Chapter 29.5, 6

v. The outward elements in this sacrament, duly set apart to the uses ordained by Christ, have such relation to Him crucified, as that, truly, yet sacramentally only, they are sometimes called by the name of the things they represent, to wit, the body and blood of Christ; albeit, in substance and nature, they still remain truly and only bread and wine, as they were before.

vi. That doctrine which maintains a change of the substance of bread and wine, into the substance of Christ's body and blood (commonly called transubstantiation) by consecration of a priest, or by any other way, is repugnant, not to Scripture alone, but even to common sense, and reason; overthroweth the nature of the sacrament, and hath been, and is, the cause of manifold superstitions; yea, of gross idolatries.

A Reader's Guide to the Sacraments

The fifth paragraph of the chapter offers a condensed reader's guide to the sacramental sections of the Bible, one of a number of such guides to Bible readers found in the Confession. It is designed to explain the vivid language used in Scripture to describe the Lord's supper: 'The outward elements in this sacrament', the bread and the wine, when 'duly set apart to the uses ordained by Christ', have such a close 'relation to Him crucified' that 'they are sometimes called by the name of the things they represent'.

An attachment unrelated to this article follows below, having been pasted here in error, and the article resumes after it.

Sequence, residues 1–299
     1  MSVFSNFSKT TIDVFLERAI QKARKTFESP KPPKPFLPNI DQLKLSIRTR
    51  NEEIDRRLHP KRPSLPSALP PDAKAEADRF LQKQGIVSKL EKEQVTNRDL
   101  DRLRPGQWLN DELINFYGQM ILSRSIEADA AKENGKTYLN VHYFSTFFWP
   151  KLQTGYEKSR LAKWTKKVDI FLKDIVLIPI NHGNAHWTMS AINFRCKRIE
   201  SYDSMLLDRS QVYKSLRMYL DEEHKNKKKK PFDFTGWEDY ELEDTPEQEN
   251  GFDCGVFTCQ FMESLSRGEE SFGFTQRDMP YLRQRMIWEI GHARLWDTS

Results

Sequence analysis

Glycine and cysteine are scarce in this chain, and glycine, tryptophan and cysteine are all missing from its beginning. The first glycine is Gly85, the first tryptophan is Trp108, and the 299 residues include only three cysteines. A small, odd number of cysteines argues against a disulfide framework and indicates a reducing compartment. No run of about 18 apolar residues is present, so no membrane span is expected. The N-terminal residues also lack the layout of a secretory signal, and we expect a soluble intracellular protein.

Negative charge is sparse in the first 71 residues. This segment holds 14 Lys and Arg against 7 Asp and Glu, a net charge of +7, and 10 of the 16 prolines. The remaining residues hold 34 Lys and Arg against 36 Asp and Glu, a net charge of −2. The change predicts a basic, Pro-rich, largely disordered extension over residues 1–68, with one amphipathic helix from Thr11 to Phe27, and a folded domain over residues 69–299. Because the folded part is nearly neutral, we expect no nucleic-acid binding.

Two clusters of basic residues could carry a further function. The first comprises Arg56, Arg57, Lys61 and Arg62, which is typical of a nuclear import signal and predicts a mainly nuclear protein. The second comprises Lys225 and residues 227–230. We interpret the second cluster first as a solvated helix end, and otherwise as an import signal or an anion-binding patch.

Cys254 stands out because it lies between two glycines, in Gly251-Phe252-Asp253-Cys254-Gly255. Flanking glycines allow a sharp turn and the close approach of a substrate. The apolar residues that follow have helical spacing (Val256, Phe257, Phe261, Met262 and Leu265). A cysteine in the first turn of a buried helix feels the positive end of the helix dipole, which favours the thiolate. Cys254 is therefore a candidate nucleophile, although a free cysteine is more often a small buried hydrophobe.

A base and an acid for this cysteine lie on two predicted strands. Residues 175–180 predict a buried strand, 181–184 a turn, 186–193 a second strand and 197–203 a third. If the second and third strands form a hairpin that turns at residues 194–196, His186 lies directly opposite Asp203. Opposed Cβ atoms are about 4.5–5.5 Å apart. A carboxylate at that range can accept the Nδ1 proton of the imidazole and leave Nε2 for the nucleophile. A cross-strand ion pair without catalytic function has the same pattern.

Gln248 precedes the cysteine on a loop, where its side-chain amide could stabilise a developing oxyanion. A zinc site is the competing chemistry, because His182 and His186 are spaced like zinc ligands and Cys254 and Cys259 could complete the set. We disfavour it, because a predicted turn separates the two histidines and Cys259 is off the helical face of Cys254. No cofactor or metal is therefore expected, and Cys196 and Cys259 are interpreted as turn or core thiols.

We see this kind of language, for example, in Matthew 26:26-28. There 'Jesus took bread, and after blessing it broke it and gave it to the disciples, and said, "Take, eat; this is my body." And he took a cup, and when he had given thanks he gave it to them, saying, "Drink of it, all of you, for this is my blood of the covenant"'. The Westminster assembly's observation here is that Jesus did not say that the bread was like his body. He did not say that the wine was like his blood. He effectively, and shockingly, told his disciples to eat his body and drink his blood. The Westminster assembly's conclusion here is that what Jesus spoke, he spoke 'truly'. That is to say, there is nothing inappropriate or problematic about this kind of talk. It is just as acceptable for us to use this language today as it was for Jesus to use that language himself. He substituted the reality for the symbol, instead of the symbol for the reality. And so can we.

Evidently Jesus spoke this way because his sacrament and his sacrifice are so closely related; because the symbol chosen by Christ is so perfectly suited to represent himself. Nonetheless Christ's statement (made by a Saviour of flesh and blood) was true in a sacramental sense only. That is to say, the bread is a true symbol of Christ's flesh. In substance, in nature, the bread is bread and the wine is wine. 

The interchange between symbol and substance is amply illustrated in 1 Corinthians 11, where Paul moves back and forth between mentioning 'the body and blood of the Lord' (once, referring to the crucifixion and the supper), and eating the bread and drinking the cup (three times, referring to the supper). The Apostle's continued references to the bread and cup illustrate the fact that references to 'the body and blood of the Lord' do not change the fact that even after these common elements are properly set apart for holy use 'they still remain truly and only bread and wine, as they were before'.